Weiser MJ, Foradori CD, Handa RJ. Estrogen receptor beta activation prevents glucocorticoid receptor-dependent effects of the central nucleus of the amygdala on behavior and neuroendocrine function. Brain Res 1336: 78-88

Department of Biomedical Sciences, Neuroscience Division, Colorado State University, Fort Collins, CO, USA.
Brain research (Impact Factor: 2.84). 04/2010; 1336:78-88. DOI: 10.1016/j.brainres.2010.03.098
Source: PubMed


Neuropsychiatric disorders such as anxiety and depression have formidable economic and societal impacts. A dysregulation of the hypothalamo-pituitary-adrenal (HPA) axis leading to elevated endogenous glucocorticoid levels is often associated with such disorders. Chronically high glucocorticoid levels may act upon the central nucleus of the amygdala (CeA) to alter normally adaptive responses into those that are maladaptive and detrimental. In addition to glucocorticoids, other steroid hormones such as estradiol and androgens can also modify hormonal and behavioral responses to threatening stimuli. In particular, estrogen receptor beta (ERbeta) agonists have been shown to be anxiolytic. Consequently, these experiments addressed the hypothesis that the selective stimulation of glucocorticoid receptor (GR) in the CeA would increase anxiety-like behaviors and HPA axis reactivity to stress, and further, that an ERbeta agonist could modulate these effects. Young adult female Sprague-Dawley rats were ovariectomized and bilaterally implanted via stereotaxic surgery with a wax pellet containing the selective GR agonist RU28362 or a blank pellet, to a region just dorsal to the CeA. Four days later, animals were administered the ERbeta agonist S-DPN or vehicle (with four daily sc injections). Anxiety-type behaviors were measured using the elevated plus maze (EPM). Central RU28362 implants caused significantly higher anxiety-type behaviors in the EPM and greater plasma CORT levels than controls given a blank central implant. Moreover, S-DPN treated animals, regardless of type of central implant, displayed significantly lower anxiety-type behaviors and post-EPM plasma CORT levels than vehicle treated controls or vehicle treated animals implanted with RU28362. These results indicate that selective activation of GR within the CeA is anxiogenic, and peripheral administration of an ERbeta agonist can overcome this effect. These data suggest that estradiol signaling via ERbeta prevents glucocorticoid-dependent effects of the CeA on behavior and neuroendocrine function.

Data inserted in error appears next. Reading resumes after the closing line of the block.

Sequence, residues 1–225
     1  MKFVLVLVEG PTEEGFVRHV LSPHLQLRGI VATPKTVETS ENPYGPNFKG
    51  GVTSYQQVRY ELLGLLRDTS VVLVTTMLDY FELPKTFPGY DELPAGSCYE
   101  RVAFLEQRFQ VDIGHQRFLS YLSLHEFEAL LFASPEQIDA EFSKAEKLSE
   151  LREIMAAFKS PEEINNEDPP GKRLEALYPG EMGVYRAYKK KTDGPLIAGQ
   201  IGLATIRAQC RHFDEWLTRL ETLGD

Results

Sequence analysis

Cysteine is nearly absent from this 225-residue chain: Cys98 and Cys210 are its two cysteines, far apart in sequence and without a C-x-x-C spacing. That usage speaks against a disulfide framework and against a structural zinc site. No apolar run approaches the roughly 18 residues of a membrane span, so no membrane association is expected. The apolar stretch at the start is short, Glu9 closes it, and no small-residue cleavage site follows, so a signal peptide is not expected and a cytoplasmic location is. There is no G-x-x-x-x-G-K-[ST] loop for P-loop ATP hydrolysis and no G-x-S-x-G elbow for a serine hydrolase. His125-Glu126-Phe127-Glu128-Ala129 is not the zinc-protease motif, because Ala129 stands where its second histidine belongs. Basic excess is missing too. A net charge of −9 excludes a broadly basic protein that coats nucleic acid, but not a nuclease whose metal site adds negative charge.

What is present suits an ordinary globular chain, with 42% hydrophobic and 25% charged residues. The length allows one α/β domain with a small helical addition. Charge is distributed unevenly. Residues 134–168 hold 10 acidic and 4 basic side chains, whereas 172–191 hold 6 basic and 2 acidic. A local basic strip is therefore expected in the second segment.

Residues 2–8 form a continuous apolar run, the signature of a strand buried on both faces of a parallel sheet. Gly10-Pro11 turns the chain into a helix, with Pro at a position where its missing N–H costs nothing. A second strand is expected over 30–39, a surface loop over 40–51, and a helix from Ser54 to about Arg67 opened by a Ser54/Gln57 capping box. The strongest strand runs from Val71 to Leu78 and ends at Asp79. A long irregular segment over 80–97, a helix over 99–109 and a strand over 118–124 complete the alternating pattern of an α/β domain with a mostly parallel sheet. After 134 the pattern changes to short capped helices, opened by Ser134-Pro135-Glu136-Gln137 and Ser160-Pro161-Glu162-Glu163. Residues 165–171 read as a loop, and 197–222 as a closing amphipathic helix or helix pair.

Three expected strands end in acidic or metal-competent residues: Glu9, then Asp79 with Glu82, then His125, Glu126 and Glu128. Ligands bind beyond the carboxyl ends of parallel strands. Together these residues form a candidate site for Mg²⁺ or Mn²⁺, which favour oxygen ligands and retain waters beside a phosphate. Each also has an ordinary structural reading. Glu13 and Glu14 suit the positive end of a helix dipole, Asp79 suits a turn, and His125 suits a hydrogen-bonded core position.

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    • "Therefore, the significant reduction in testosterone seen in female R6/1 mice may reflect significantly reduced 3β-diol levels and reduced ERβ signalling. The ERβ agonist DPN infused into the central nucleus of the amygdala of rats reduced anxiety-like behaviour and stress-induced corticosterone levels, counteracting the anxiogenic effects of GR agonism of the same area (Weiser et al., 2010). A recent study found that two ERβ agonists, selective oestrogen receptor modulator (SERM)-beta1 and SERM-beta2, are both able to reduce depression-like behaviour in the FST in mice as well as increase neurogenesis in rats (Clark et al., 2012). "
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    • "Low-dose, short-term estradiol administration can inhibit HPA axis reactivity (Redei et al., 1994; Young et al., 2001; Dayas et al., 2000; Komesaroff et al., 1998), while higher doses and long-term administration can enhance HPA axis responses (Burgess and Handa, 1992; Carey et al., 1995; Viau and Meaney, 1991; Rubinow and Schmidt, 2009). Further, estradiol may have opposing effects on HPA axis reactivity depending on the ER subtype being targeted, with excitatory effects of the steroid hormone at ERα and inhibitory effects at ERβ (Lund et al., 2005; Lund et al., 2006 Oyola et al., 2012, Weiser et al., 2010). Our findings build on this literature by using functional neuroimaging to demonstrate that estradiol modulates the activity of brain regions responsible for regulating HPA axis activity. "
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    • "In the amygdala, estradiol acts to reduce anxiety-like behavior (Lund et al., 2005; Weiser et al., 2010) and glutamate activity is thought to promote anxiety (Wu et al., 2008). Estradiol treatment decreased GluA1 levels at 0.5 h, preceding the increase in phospho-cofilin at 1.0 h. "
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